This time last year, I carried out an informal survey of how The Guardian was covering the issue of Palestine and Israel in its comment pages. The results were not good.
Out of 138 op-eds on the topic published by the newspaper in its 'Comment is free' section from October 2013 to November 2015 (including both print and online-only articles, as well as content from The Observer), just 20 were written by Palestinians – 15 per cent of the total.
By contrast, 39 op-eds (28 per cent) were written by Israelis, including six by state officials or diplomats, and four by opposition politicians.
The statistics told a clear story: The Guardian was excluding Palestinians from its comment pages.
It is now time for an update. Once more, I have compiled the database of comment pieces published over the last year (1 December 2015 to 27 November 2016) using three tags – 'Israel', 'Gaza', and 'Palestinian Territories' – that together archive almost all relevant pieces.
I have excluded articles where Israel and/or the Palestinians were mentioned but not the main focus (including pieces related to Australian politics). There were also pieces addressing various aspects of a debate about anti-Zionism and antisemitism, and I will discuss those separately (below).
Over the last year, The Guardian has published just 20 comment pieces specifically relating to Israel and the Palestinians, which, before even considering by whom and about what, marks a sharp reduction in coverage of the topic in general.
Six were by Palestinians: one each by Liverpool-based doctor Salim Hammad, British-based academic Ahmad Samih Khalidi, Israeli MK Yousef Jabareen, singer and Israeli citizen Mira Awad, Palestinian ambassador to the UK Manuel Hassassian, and Palestine Solidarity Campaign director, Ben Jamal.
Another five of the 20 op-eds were authored by Jewish Israelis: journalists Dahlia Scheindlin, Mairav Zonszein, and Anshel Pfeffer, former military official Ami Ayalon, and author David Grossman. Of the other contributors, The Guardian's Jonathan Freedland and columnist Giles Fraser both wrote twice.
If any 'narrative' emerges from these 20 op-eds, it is that Israeli politics is lurching rightwards, Israeli liberals and human rights NGOs are under pressure, and a two-state solution looks increasingly unlikely. All of which contains some truth, of course, but is also deeply inadequate.
The quantity and focus of the comment coverage speaks to a sense of priorities. For example, in the last year, there was just one op-ed each on the following three topics: Israel's acceleration of home demolitions and displacement; settlements; and Israeli forces' extrajudicial killings of Palestinians.
By way of comparison, there were three pieces purely on Israel's rightward drift (by Jonathan Freedland, liberal Zionist activist Hannah Weisfeld, and journalist Mairav Zonszein).
Perhaps the most instructive absence from The Guardian's comment coverage is the voices of Palestinian activists and human rights defenders on the ground. Strikingly, over the past year The Guardian has not published a single op-ed by a Palestinian in the occupied West Bank and Gaza Strip.
This seems to be a wider problem for liberal and progressive publications, not limited to The Guardian. Back in May, I reported how the last piece written by a Palestinian in the 'Middle East' section of the New Statesman magazine was from July 25, 2014. That's still the case.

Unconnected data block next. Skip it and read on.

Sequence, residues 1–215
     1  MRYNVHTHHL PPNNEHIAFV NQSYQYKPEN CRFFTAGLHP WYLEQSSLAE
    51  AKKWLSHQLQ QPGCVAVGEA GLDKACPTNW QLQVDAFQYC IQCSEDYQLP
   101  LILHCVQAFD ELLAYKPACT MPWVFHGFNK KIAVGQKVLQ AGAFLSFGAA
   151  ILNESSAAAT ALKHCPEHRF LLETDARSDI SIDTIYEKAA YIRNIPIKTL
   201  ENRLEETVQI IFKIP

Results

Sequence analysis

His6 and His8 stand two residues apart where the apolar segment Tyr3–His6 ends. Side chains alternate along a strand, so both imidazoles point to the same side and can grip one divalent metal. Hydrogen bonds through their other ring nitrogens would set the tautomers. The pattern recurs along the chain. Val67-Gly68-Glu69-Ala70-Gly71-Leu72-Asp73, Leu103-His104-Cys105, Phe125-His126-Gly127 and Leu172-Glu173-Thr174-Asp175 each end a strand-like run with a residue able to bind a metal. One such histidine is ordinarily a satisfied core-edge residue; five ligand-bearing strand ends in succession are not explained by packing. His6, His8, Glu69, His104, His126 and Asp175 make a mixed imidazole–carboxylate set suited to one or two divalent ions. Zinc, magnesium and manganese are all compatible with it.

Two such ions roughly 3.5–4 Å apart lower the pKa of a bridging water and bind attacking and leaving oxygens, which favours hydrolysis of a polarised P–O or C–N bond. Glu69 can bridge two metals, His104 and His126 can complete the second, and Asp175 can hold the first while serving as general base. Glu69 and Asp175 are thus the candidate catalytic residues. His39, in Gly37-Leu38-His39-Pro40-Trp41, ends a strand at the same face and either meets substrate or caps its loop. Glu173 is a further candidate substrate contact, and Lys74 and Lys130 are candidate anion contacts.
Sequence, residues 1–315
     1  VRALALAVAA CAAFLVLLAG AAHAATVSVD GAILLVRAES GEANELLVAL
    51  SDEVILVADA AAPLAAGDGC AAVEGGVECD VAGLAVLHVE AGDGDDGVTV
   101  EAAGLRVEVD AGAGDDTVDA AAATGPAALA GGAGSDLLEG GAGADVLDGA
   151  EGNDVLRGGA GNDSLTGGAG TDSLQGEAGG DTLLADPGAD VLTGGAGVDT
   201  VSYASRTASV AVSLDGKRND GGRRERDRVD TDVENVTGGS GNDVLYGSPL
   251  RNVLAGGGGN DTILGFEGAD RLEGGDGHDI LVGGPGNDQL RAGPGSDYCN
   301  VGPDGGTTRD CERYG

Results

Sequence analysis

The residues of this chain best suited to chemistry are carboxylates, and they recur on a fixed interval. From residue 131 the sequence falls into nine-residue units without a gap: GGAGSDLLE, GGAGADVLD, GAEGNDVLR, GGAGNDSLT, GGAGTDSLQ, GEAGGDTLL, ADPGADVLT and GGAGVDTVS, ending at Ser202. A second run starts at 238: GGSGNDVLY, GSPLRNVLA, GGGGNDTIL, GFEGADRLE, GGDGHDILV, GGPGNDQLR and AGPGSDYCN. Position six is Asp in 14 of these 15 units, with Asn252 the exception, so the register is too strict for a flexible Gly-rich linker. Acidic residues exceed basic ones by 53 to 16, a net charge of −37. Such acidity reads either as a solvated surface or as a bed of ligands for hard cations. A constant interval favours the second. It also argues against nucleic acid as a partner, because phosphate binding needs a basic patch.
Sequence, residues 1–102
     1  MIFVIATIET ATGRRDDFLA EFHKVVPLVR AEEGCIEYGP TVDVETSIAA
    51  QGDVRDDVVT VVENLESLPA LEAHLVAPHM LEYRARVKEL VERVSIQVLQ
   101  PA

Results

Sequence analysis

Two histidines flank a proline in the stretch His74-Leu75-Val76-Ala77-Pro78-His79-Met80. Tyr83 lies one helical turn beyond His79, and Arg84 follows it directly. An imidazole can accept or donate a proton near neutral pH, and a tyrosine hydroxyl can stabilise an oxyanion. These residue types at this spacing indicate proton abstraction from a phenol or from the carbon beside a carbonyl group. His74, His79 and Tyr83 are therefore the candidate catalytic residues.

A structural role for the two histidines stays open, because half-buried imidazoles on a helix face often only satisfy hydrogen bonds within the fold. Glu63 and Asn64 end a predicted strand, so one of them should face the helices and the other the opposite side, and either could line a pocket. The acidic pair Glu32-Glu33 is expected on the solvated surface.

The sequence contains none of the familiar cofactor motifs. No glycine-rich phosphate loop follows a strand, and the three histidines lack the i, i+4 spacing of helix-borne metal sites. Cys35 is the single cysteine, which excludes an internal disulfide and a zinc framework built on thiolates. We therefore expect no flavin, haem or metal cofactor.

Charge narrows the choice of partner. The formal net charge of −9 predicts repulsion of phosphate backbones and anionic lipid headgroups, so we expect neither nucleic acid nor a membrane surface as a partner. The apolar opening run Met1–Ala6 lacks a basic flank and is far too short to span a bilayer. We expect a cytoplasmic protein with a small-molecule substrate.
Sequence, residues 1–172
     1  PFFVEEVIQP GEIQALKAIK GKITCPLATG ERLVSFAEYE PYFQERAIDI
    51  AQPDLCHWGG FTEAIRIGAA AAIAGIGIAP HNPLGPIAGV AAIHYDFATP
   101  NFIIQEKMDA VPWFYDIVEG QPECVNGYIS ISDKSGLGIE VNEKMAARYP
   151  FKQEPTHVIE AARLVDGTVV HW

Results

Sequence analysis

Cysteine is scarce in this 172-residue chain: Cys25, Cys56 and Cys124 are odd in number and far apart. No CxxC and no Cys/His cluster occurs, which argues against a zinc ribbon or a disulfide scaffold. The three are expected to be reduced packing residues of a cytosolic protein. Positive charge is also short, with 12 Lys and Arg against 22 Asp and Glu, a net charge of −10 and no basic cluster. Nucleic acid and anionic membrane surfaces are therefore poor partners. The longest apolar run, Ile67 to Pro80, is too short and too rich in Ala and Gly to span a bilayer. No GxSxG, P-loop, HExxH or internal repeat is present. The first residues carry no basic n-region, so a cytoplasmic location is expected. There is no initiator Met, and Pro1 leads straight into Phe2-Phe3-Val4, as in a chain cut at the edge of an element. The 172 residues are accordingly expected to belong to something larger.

As I mentioned above, a separate but relevant issue is The Guardian comment pages' coverage of recent debates about antisemitism and the Left, anti-Zionism, and the Labour party.
I counted 15 pieces on the topic over the last year, with the majority repeating – or indeed helping to establish – a narrative that Labour has an antisemitism 'crisis'. This often involved smearing Palestine solidarity activists, and equating antisemitism and anti-Zionism.
These op-eds included one on 18 February describing "Oxford's student left" as "institutionally antisemitic", Howard Jacobson's claim on 23 October that Zionism never took the form of "conquest…[or] colonial expansionism", and two pieces by anti-Palestinian writer Nick Cohen.
On 29 April, Jonathan Freedland rehashed his hand-wringing defence of the Nakba, while, on the anniversary of Cable Street, The Guardian gave a platform to the Israeli ambassador to attack "leftwing antisemitism…[that] conceals itself behind the mask of anti-Zionism."
Compare this to the US and Israel itself, where debate about and explicit opposition to Zionism has appeared in the likes of the Los Angeles Times (suppressing "criticism of Zionism" is "catastrophic censorship"), and Israeli site 972mag ("It's 2016 — let's say goodbye to Zionism once and for all").
In April, The New York Times ran a special 'Room for Debate' on Zionism which featured five op-eds – including by Palestinians – where a genuine range of views were expressed – including "Anti-Zionism can and should be anti-racism" and "Zionism justifies discrimination and oppression".
Over the last year, even Israeli newspaper Haaretz has published op-eds with titles like 'No, anti-Zionism Isn't anti-Semitism' and 'Liberal Zionists, We Lost the Kids', a piece on how "Diaspora Jewish teens' radical dissociation from Israel" is because "they're ashamed to be associated with Zionism."
These are not the perspectives, however, that The Guardian's comment editors apparently think British readers want or need. As shown by the absence of voices from the West Bank and Gaza, or the lack of a Palestinian perspective on critical issues such as Zionism, when it comes to The Guardian's comment pages, Palestine is just not a story – and when it is, it's an Israeli one.
The views expressed in this article belong to the author and do not necessarily reflect the editorial policy of Middle East Monitor.